Right now, I have about a dozen things I’m waiting for responses to. Some of those projects are scripts for features, one is a series, some are feature pitches. All are projects I’m excited about, but as many as all of them may never happen.

So what am I doing?

I’m working on the next project—a spec feature. Something I’m passionate and excited about. Another iron in the fire that I believe in. Another project most, if not all, of this town will say “no” to, but another opportunity to make fans by writing the shit out of it.

They can only say “no” to so many projects. Eventually, after seeing your name a bunch of times and reading a bunch of your scripts, someone will take a chance on your material. They’ll get behind you and push alongside you. And then, maybe, you’ll have a shot at getting something on the big (or small) screen.

But that will never happen if you have just one project. One feature or series pilot you think is amazing. Because honestly, it probably isn’t amazing. Most people aren’t writing scripts worthy of being made until they’ve written a bunch of failed scripts. Pick any Hollywood screenwriting heavyweight—I promise you they have a stack of scripts this town took a shit on. But then, after toiling away for years, putting iron after iron in the fire, they wrote one worthy of success.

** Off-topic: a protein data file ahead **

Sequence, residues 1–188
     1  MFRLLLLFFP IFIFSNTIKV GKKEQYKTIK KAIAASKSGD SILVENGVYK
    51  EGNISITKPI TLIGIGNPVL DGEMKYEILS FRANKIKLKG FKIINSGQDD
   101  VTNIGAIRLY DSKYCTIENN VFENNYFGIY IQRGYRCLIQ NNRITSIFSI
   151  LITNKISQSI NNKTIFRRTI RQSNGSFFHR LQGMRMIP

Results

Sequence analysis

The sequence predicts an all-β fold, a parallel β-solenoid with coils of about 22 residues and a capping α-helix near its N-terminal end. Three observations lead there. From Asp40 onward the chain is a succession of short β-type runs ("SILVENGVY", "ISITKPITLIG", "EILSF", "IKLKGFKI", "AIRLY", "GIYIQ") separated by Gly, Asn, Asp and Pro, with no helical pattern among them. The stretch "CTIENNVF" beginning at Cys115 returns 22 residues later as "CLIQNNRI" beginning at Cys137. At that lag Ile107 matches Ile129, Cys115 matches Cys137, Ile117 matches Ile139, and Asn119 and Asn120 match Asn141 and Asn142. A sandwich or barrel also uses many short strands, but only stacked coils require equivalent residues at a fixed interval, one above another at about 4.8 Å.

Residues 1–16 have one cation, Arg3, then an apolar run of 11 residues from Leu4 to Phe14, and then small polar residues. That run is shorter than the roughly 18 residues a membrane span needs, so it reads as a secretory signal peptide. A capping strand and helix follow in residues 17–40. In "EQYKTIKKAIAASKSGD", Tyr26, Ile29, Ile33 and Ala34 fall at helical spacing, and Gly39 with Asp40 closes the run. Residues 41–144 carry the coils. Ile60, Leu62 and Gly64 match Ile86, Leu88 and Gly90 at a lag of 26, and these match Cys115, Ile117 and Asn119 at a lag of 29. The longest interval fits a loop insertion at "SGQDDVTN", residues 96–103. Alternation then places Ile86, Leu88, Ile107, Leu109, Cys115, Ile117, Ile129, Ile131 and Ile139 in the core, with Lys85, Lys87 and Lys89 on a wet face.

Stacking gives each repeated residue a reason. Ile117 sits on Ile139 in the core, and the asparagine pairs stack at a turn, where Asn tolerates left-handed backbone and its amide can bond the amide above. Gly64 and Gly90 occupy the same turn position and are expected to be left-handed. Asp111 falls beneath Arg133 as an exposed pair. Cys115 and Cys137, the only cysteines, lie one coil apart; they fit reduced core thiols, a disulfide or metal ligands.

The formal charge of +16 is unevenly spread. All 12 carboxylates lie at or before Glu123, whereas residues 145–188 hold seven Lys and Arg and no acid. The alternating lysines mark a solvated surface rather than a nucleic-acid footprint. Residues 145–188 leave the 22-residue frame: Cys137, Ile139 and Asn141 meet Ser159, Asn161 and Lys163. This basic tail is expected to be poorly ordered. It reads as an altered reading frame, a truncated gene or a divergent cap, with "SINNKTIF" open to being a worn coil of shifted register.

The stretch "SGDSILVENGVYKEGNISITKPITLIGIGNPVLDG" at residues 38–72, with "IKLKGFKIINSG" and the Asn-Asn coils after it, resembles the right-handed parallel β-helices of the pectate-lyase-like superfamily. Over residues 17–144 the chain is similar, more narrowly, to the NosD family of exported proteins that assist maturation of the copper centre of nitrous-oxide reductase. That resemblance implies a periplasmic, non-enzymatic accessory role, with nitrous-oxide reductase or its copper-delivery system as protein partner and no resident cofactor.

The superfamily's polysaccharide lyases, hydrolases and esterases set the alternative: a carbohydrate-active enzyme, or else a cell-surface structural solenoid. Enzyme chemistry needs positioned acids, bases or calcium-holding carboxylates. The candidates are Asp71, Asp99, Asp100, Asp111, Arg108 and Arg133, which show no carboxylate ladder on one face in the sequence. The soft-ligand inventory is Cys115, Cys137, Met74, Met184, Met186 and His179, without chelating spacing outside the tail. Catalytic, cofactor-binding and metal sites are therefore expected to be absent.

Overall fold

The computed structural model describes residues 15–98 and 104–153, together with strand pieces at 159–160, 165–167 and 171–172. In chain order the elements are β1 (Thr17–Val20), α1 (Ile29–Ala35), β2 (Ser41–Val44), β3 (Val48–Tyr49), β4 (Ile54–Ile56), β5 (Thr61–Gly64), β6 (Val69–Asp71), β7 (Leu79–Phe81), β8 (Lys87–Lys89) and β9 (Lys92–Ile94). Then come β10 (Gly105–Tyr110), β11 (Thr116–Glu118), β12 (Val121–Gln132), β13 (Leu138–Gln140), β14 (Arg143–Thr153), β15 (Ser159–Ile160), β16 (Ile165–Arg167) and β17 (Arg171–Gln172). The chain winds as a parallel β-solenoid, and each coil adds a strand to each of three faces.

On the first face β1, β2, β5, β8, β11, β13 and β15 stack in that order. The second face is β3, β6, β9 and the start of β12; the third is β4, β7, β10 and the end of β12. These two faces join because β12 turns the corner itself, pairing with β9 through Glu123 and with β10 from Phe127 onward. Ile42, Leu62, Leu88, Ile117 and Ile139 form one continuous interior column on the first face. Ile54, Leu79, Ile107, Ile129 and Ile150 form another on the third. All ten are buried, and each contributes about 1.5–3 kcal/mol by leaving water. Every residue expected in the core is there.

That’s the reality of this business.

So what’s the moral of this story?

Keep writing and be proactive.
Have multiple projects on your slate and keep adding to it.
Be patient. These things take time to unfold.
Don’t let failure stop you or you’re doomed already.
We all fail. Those who succeed are relentless.
The executive or producer who said “no” to you today could be the same one who makes your film years from now.
Keep making fans by being prolific.

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Enjoy Anonymous Advice? Be sure to stay up to date on all previous articles here!

Have some advice, an uplifting or eventful story you’d like to share, or need to vent? Please send ideas and credentials to [email protected]. Paid gig, if accepted and used.

brings together professionals from different parts of the industry to share advice they wish they had heard along their journey. We reached out to colleagues and asked them to share wisdom and experiences with an eye for advice that might shorten the trajectory of a writer or executive trying to take their to the next level. Why anonymous? We want our contributors to feel they can share openly and honestly, with the best intentions of our readers in mind, rather than with concern over judgement. These are opinions viewed through the lenses of insightful hindsight and do not necessarily represent the Tracking-Board or its partners.

Whether working the mailroom on your first day or a seasoned producer selling their next hit, each of us can look back on our past and find that bit of advice we wish we had starting out. We hope these columns can refresh us on the truisms we’ve heard before, explore the obvious ‘why didn’t I think of that’ moment, or dive deep into the hard-to-swallow words we all need to hear from time to time. None of us get it right the first time, and so these guest writers open up from their personal experiences to help shine a light for the rest of us.